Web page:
Are Contact Lenses the Ultimate Computer Screen?

Imagine you have to make a speech, but instead of looking down at your notes, the words scroll in front of your eyes, whichever direction you look in. That’s just one of many features the makers of smart contact lenses promise will be available in the future.

Imagine… you’re a musician with your lyrics, or your chords, in front of your eyes. Or you’re an athlete and you have your biometrics and your distance and other information that you need,” says Steve Sinclair, from Mojo, which is developing smart contact lenses.
His company is about to embark on comprehensive testing of smart contact lens on humans, that will give the wearer a heads-up display that appears to float in front of their eyes.

The product’s scleral lens (a larger lens that extends to the whites of the eye) corrects the user’s vision, but also incorporates a tiny microLED display, smart sensors and solid-state batteries. “We’ve built what we call a feature-complete prototype that actually works and can be worn – we’re soon going to be testing that [out] internally,” says Mr Sinclair. “Now comes the interesting part, where we start to make optimisations for performance and power, and wear it for longer periods of time to prove that we can wear it all day.”

Other smart lenses are being developed to collect health data. Lenses could “include the ability to self-monitor and track intra-ocular pressure, or glucose,” says Rebecca Rojas, instructor of optometric science at Columbia University. Glucose levels for example, need to be closely monitored by people with diabetes. “They can also provide extended-release drug-delivery options, which is beneficial in diagnosis and treatment plans. It’s exciting to see how far technology has come, and the potential it offers to improve patients’ lives.

Research is underway to build lenses that can diagnose and treat medical conditions from eye conditions, to diabetes, or even cancer by tracking certain biomarkers such as light levels, cancer-related molecules or the amount of glucose in tears. A team at the University of Surrey, for example, has created a smart contact lens that contains a photo-detector for receiving optical information, a temperature sensor for diagnosing potential corneal disease and a glucose sensor monitoring the glucose levels in tear fluid.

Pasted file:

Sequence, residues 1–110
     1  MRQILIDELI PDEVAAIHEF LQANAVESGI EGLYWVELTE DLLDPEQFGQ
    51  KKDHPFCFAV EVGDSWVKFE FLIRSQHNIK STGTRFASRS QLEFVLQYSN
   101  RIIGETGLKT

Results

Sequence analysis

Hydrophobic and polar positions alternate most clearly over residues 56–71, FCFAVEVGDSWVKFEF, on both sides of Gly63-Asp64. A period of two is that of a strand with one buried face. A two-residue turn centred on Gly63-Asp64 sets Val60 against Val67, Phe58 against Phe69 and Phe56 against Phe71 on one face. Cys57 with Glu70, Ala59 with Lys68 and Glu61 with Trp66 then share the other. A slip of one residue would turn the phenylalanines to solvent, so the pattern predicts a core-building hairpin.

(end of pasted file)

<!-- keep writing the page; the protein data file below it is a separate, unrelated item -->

Source: https://www.bbc.com/

Higher Risk of Dementia for Millions with Eye Conditions

Millions of people with eye conditions including age-related macular degeneration, cataracts and diabetes-related eye disease have an increased risk of developing dementia, new research shows. Vision impairment can be one of the first signs of the disease, which is predicted to affect more than 130 million people worldwide by 2050.

Previous research has suggested there could be a link between eye conditions that cause vision impairment, and cognitive impairment. However, the incidence of these conditions increases with age, as do systemic conditions such as diabetes, high blood pressure, heart disease, depression and stroke, which are all accepted risk factors for dementia. That meant it was unclear whether eye conditions were linked with a higher incidence of dementia independently of systemic conditions.

Now researchers have found that age-related macular degeneration, cataracts and diabetes-related eye disease are independently associated with increased risk of dementia, according to a new study published in the British Journal of Ophthalmology.

The research examined data from 12,364 British adults aged 55 to 73, who were taking part in the UK Biobank study. They were assessed in 2006 and again in 2010 with their health information tracked until early 2021. More than 2,300 cases of dementia were documented, according to the international team of experts led by academics from the Guangdong Eye Institute in China. After assessing health data, researchers found those with age-related macular degeneration had a 26% increased risk of developing dementia. Those with cataracts had an 11% increased risk and people with diabetes-related eye disease had a 61% heightened risk. Glaucoma was not linked to a significant increase in risk.

Researchers also found that people with conditions including diabetes, heart disease, stroke and depression were also more likely to be diagnosed with dementia. Risk was highest among people with one of these conditions who also had some form of eye condition, they said.

Age-related macular degeneration, cataract and diabetes-related eye disease but not glaucoma are associated with an increased risk of dementia,” the authors concluded.

Individuals with both ophthalmic and systemic conditions are at higher risk of dementia compared with those with an ophthalmic or systemic condition only.”

The study comes as Alzheimer’s Research UK says public willingness to get involved with medical research is at an “all-time high”. The charity said 29% of adults were more likely to consider getting involved in medical research because of the pandemic, according to a poll of 1,000 adults across England, Scotland and Wales.

The survey found that 69% said they would be willing to get involved with dementia research, compared with 50% of a sample of people from a year ago.

This is positive news for the thousands of studies waiting to get under way to help understand and tackle health conditions like dementia, cancer, and heart disease,” said Hilary Evans, the chief executive of Alzheimer’s Research UK.

Source: https://www.theguardian.com/